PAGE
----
The column | Haifa University, where diversity is an asset

Amos Shapira, the president of the University of Haifa, has a unique perspective on the role played by the institution he heads. All he has to do is look out his office window: In one direction, he can see Syria and Lebanon; from across the hall, Tel Aviv.

While some might understand that as evidence of the precarious geo-political situation in which the world’s only Jewish state finds itself, Shapira has a much more matter-of-fact take. Israel, he says, is part of the Middle East, in all its messy, multi-ethnic diversity — so everyone better just deal with it.

And the diversity of the university’s 18,000 students reflects that of the country as a whole. “We have ultra-Orthodox and secular, Russians and Ethiopians, the largest number of IDF [Israeli Defense Forces] officers of any university in Israel and the largest percentage of Arab students — 22 percent, the same as the country.”

That latter statistic, he insists, is a positive. He says that when he took the job as president in late 2012, some people suggested he not harp on it in public. Instead, he points it out with pride.

“The fact that we have the largest number of Arab students is well known and nothing to be embarrassed about,” he tells me. Taking out his business card, he points to the university’s logo, which is printed in three languages: English, Hebrew and Arabic. That, he says, is reality. And the University of Haifa, situated in Israel’s north, with its large Arab population, can play a critical role in promoting coexistence within the country, something that’s absolutely necessary, he adds, if Israel is ever to coexist with its neighbors.

Shapira, 65, was in town recently to meet with donors and present the case for their support. I caught up with him at the San Francisco home of philanthropist Maurice Kanbar, a longtime donor.

“I am the sixth generation in Israel,” Shapira says during our pre-dinner conversation. His grandfather, an Orthodox rabbi in the early agricultural settlement of Yesod Hama’alah in the Hula Valley, lost five children to malaria. He himself is named after a great-uncle murdered by Arab terrorists.

“I don’t have to prove my Zionism,” he continues. “My grandfather understood that if he didn’t live in peace with his Arab neighbors, there would be no peace for anyone.”

I don’t think Haifa University is an easy sell to American Jews. Haifa itself isn’t an easy sell, not being Jerusalem or Tel Aviv. It’s a working-class city, with a busy commercial port instead of a Western Wall or a Dizengoff Street. But those who live and work there say that Haifa is the real Israel, one of the few mixed Arab-Jewish cities.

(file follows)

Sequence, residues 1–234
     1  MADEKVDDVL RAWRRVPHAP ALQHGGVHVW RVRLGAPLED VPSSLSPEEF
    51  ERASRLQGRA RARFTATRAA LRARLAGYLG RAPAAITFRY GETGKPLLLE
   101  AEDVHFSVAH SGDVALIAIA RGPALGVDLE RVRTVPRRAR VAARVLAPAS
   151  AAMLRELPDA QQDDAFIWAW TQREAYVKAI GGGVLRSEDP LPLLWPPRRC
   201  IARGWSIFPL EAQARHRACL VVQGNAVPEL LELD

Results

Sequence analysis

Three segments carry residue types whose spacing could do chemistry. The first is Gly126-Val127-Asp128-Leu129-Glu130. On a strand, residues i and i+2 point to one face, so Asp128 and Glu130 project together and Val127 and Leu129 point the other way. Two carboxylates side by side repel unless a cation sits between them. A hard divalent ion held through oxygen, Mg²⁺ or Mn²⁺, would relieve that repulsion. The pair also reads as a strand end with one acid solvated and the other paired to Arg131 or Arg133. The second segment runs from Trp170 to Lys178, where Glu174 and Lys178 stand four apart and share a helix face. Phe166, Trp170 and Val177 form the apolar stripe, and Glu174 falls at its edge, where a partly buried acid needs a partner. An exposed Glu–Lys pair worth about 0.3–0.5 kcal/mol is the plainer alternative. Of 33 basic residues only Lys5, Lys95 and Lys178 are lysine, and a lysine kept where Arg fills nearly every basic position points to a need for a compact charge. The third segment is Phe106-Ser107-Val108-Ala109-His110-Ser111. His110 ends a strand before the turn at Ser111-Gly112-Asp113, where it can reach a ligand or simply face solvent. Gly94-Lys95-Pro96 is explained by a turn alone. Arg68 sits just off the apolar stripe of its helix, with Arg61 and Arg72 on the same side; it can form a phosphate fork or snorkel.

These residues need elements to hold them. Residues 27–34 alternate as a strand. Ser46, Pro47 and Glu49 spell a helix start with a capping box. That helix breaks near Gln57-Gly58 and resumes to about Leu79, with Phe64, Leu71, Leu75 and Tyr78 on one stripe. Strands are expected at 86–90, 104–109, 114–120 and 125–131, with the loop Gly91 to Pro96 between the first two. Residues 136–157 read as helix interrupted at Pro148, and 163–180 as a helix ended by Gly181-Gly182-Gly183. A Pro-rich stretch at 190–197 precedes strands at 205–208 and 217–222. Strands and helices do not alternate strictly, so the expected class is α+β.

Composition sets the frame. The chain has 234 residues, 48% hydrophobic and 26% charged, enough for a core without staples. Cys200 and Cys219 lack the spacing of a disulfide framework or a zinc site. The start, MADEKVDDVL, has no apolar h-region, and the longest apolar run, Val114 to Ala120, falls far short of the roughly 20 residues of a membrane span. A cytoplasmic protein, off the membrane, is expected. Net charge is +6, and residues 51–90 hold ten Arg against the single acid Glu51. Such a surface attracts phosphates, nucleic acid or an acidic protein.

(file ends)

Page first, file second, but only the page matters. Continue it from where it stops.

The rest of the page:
I happen to have a soft spot for Haifa. In the 1970s and early ’80s, when I did multiple stints as a kibbutz volunteer, Haifa was our “big city,” the place we’d go on days off to buy a falafel and maybe take in a movie. There was one fabulous cinema up on the Carmel where, on hot summer nights, the roof would retract and the entire sunflower seed-spitting audience would watch the newest Hollywood offering under a blanket of stars.

Shapira has his own history with Haifa. He earned his B.A. from the University of Haifa in 1980, and has a master’s in industrial management from the Technion. His appointment, announced two years ago, caused quite a stir because he’s a businessman rather than an academic. According to a March 2012 article in Haaretz, some critics understood the move as part of the Finance Ministry’s perceived “takeover” of the country’s universities, wrenching them out of the hands of professors to run them more like businesses.

If that’s the intention, Shapira has the credentials — three decades of business management experience, most recently as CEO of El Al Airlines and then Cellcom, Israel’s main telecommunications company. The university’s fundraising efforts were in a slump when he arrived a mere 18 months ago. His task is to turn that around.

“We’re the youngest of Israel’s research universities, and we need resources,” he says. Within the next four years, he hopes to add 100 researchers to the current crop of 650.  “It’s not a simple challenge,” he points out. “The university’s goal is excellent research and education, but in an environment that respects the ‘other,’ where diversity is an asset.”

Sue Fishkoff is the editor of J., and can be reached at [email protected]

Sue Fishkoff

Sue Fishkoff is the editor emerita of J. She can be reached at [email protected].